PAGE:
Don’t complain about seeds; look to matchups

03/11/2012 5:00 AM

05/16/2014 6:13 PM

They booed in Columbia. This should’ve been a happy moment, of course, a celebration for a terrific basketball team that can make the first Final Four in Missouri history even if it plays no better than it did this past week in Kansas City.

Instead, with confetti falling at the watch party, they booed. It was an awkward moment, but some fans are upset because the number next to Mizzou on the brackets being filled out in office pools today is a “2” instead of a “1.”

This is silly, but you heard it everywhere. And because this is an instant-reaction thing in an instant-reaction world, Twitter might be the best place to see the silliness. It came from the

media, Mizzou players and loads of fans


This is not meant to pick on Mizzou.

Plenty of Kansas fans are griping about not being a top seed, too (different situations, but Kansas State fans seem to be taking a more reasonable approach

regarding their No. 8 seed in the East Region).

Just stop. All of you.

“It doesn’t really matter,” said Tom Izzo, who will try to make a seventh Final Four at Michigan State. “It’s nice for conference prestige, but it doesn’t really matter.”

Complaining about seeding is among the most predictable and tired traditions in sports. Of course the selection committee makes mistakes. Its members are in charge of determining 37 at-large bids and 68 teams overall, so there is no way to avoid disagreement here. But to spend any energy worrying about the seeds is a waste of time.

Coaches understand this. Matter of fact, one of the reasons I believe seeding is overrated is the overwhelming sentiment from so many coaches that seeding is overrated.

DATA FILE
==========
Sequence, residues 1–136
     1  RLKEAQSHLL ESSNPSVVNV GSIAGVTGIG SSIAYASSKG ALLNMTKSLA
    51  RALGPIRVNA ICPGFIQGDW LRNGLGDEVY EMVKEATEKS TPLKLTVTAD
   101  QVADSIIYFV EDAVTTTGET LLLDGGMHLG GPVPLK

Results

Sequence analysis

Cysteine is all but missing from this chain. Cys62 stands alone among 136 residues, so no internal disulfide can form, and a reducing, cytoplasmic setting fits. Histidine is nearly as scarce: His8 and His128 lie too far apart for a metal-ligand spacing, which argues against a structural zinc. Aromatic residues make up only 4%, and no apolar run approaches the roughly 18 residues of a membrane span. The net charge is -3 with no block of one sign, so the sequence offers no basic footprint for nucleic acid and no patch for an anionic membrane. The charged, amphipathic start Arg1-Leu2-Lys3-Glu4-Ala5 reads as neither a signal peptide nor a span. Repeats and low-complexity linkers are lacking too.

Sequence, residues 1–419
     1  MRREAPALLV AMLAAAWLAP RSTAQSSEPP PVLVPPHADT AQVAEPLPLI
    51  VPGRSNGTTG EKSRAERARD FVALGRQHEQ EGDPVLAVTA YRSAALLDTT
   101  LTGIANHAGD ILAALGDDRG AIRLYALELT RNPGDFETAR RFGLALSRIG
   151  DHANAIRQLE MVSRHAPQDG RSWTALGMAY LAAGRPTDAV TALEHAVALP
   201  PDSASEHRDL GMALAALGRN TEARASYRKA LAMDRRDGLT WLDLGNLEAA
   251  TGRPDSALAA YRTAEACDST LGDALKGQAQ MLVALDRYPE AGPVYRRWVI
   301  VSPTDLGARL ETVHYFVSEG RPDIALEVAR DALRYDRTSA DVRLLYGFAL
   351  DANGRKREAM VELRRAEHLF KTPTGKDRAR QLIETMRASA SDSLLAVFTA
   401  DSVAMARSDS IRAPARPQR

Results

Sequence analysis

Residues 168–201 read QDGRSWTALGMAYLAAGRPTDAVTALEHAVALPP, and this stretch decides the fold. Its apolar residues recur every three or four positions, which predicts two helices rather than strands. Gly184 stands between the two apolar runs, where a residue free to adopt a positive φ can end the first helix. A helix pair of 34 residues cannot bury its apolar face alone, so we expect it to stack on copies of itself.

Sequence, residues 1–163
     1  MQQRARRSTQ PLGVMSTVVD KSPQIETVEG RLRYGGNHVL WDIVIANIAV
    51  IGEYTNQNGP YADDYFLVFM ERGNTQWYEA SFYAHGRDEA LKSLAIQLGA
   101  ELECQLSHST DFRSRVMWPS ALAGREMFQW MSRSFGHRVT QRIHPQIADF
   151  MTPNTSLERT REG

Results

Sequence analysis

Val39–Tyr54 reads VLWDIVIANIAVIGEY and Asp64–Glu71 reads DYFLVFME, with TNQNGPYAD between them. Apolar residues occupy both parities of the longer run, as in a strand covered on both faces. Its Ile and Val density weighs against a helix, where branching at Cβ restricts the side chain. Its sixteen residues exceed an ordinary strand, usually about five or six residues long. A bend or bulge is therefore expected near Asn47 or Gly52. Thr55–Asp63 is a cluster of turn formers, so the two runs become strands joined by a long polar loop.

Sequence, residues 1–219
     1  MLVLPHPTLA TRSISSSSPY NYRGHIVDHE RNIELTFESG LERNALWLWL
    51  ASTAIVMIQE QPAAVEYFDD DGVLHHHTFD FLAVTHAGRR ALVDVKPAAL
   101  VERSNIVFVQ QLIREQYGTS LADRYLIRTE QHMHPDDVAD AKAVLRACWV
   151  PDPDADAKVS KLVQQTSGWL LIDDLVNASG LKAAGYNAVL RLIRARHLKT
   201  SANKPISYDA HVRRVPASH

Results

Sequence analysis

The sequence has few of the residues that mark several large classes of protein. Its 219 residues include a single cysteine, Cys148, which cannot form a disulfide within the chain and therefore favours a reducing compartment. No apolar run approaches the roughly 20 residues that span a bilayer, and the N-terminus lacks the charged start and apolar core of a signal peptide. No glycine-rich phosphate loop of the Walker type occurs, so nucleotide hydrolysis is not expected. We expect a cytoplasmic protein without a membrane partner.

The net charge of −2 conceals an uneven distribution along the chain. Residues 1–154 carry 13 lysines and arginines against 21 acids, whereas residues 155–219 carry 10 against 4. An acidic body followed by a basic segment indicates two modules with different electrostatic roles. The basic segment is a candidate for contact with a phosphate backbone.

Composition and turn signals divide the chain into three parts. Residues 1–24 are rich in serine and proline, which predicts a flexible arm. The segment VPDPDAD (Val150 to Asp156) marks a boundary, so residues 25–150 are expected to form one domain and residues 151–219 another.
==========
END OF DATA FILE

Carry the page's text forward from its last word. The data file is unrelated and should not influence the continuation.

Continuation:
Maybe you saw an interesting few minutes on CBS’s coverage of the bracket. Mizzou coach Frank Haith — who asked fans not to be disappointed by a No. 2 seed before the announcement — told a national TV audience that he didn’t think seeding mattered much. The TV folks then went to KU coach Bill Self who said, “I agree with Frank.”

Historians will remember this as the first time Self has agreed with anyone from Mizzou in years.

Look, by the numbers, it’s true that top seeds historically have an advantage. They win 78 percent of their games, compared to 70 percent for No. 2 seeds. And in the last 20 years, 33 top seeds (41 percent) made the Final Four to 17 No. 2s (21 percent).

But that’s because the No. 1s are — spoiler alert — usually better.

Accepted powerhouses such as Florida in 2007, North Carolina in 2005 and Duke in 1992 never had to sweat out their seeds and, besides, could’ve won from any line in the bracket. Watch Kentucky this year.

Teams wobbling between the No. 1 and 2 seeds — like KU and MU — don’t have their chances decided by paperwork.

This is the first year the committee has released the order of its seedings, which means MU fans are understandably peeved at being eighth (KU was fifth). But the much more important factor is matchups. And, honestly, does anyone think the Tigers or Jayhawks got a bad draw?

They are No. 2s in regions with the bottom 1s, and any concerns about potential matchups — some KU fans are already concerned with Detroit star Ray McCallum, and Virginia’s grind-it-out style and star Mike Scott might be difficult for MU — can be generally answered with, “This is the NCAA Tournament; it’s not supposed to be easy.”

For instance, think about this: Michigan State is probably the kind of team Missouri figures to struggle with. The Spartans are big, tough and have given up 70 points in only six of 34 games this year.

But in the last decade, the top two seeds have played in the regional final only 30 percent of the time.

In the other 70 percent, matchups and luck mattered far more.

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